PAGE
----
As a patient, you probably see lots of hype-filled reports about various drugs. After a drug is approved, there’s an inevitable blitz of negative publicity which often scares people away from important new solutions that could help them.
There has been so much news lately about Multaq (dronedarone), the drug designed to provide the benefits of amiodarone but with fewer risks. This drug is important to people with afib, especially those with heart disease whose choices are limited, so it’s time to put into context for patients what has transpired in the two years since FDA approval.
These two companion articles provide an in-depth analysis into issues that have been reported about Multaq, including whether it can cause: Read more »
*This blog post was originally published at Atrial Fibrillation Blog*
In treating atrial fibrillation (AF), this year has witnessed some real excitement. And not all the good news has to do with new pills. Recently, there has been a flurry of encouraging and objective news on ablating AF. Here are some comments on three notable studies that address three important questions:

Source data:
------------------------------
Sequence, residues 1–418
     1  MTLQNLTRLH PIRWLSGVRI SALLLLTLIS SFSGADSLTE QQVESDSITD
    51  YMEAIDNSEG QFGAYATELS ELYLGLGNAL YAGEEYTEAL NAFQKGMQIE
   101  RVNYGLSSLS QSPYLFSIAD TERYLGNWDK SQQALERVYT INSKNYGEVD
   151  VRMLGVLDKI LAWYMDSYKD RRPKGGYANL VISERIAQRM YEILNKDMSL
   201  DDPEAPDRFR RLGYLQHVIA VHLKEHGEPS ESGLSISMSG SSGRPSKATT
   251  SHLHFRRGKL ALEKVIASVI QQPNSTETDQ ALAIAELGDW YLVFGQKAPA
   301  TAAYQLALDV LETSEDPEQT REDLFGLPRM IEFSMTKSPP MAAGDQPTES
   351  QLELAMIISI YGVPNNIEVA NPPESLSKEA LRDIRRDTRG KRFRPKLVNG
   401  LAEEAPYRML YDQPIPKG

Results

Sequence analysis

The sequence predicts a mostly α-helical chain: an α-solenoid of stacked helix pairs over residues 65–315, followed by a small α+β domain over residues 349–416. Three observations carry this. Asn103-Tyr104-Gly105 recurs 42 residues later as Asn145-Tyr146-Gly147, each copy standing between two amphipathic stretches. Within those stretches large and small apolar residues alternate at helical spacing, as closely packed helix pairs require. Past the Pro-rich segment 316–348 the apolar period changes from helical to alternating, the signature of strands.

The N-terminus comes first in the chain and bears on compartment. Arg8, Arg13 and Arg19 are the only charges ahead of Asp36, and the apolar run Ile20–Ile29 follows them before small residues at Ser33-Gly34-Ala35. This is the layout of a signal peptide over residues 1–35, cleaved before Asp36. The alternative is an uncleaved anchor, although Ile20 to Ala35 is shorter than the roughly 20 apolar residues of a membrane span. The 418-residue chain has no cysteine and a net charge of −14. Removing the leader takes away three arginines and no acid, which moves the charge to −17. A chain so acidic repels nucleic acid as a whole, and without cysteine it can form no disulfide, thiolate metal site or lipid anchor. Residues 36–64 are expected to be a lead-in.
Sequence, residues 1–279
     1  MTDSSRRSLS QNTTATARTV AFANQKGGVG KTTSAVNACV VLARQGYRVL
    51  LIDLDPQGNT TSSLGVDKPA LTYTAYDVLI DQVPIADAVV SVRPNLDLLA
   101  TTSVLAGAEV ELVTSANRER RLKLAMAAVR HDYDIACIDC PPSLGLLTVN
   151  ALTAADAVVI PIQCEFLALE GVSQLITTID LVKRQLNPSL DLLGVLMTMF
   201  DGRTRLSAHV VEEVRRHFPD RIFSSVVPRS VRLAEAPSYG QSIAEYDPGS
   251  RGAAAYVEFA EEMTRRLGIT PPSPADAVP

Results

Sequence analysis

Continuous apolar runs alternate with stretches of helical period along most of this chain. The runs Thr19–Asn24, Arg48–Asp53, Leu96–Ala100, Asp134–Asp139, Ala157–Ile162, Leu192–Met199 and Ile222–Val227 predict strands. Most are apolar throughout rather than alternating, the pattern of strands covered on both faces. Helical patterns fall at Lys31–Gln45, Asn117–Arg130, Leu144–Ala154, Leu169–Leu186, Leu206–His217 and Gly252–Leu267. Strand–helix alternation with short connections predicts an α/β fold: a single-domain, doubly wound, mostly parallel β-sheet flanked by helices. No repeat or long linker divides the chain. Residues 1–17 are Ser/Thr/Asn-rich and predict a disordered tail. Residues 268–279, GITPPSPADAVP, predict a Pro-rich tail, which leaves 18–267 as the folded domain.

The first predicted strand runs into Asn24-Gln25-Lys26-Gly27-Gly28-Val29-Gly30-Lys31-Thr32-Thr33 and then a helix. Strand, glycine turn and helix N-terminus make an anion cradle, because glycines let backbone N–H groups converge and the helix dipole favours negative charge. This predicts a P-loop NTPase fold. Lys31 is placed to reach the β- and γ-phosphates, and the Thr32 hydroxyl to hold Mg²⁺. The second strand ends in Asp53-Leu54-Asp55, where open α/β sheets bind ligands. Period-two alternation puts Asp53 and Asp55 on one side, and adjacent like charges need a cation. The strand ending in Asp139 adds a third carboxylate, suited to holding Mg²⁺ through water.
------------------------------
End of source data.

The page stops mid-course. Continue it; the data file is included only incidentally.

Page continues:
1. What are the “long-term” success rates of AF ablation?
On this important question comes an American Heart Association (AHA) abstract from the highly-regarded lab of Dr. Karl-Heinz Kuck in Hamburg. They report on a relatively young cohort of 161 patients who underwent AF ablation (using standard pulmonary vein isolation techniques) in 2003-2004. At an average of five years of follow up, more than 80 percent were either AF-free or “clinically improved.”
Real-world impression: Although late recurrences of AF years after successful ablation have been reported, my impression (having started with AF ablation in 2004) is that most who are AF-free off drugs after one year have remained AF-free thus far. Read more »
*This blog post was originally published at Dr John M*
As has been pointed out (pointedly) to DrRich, we do not have death panels in the United States. And indeed, considering that we’re not conducting military tribunals for Islamist terrorists who have tried (or succeeded in) killing and maiming as many of us as possible, it seems relatively unlikely that we’d assemble death panels (which sound even less due-process-friendly than military tribunals) for American patients.
What we will have, however, is a federally-mandated assembly, body, committee, commission, board, diet, parliament, or posse (but not a panel) of experts which will carefully evaluate all the objective clinical evidence regarding a particular medical treatment, and make “recommendations” to doctors about whether or when to use that treatment. The model which frequently has been offered up for our consideration, as we contemplate the workings of such a non-death-panel, is the British National Institute for Clinical Excellence, or NICE. Read more »
*This blog post was originally published at The Covert Rationing Blog*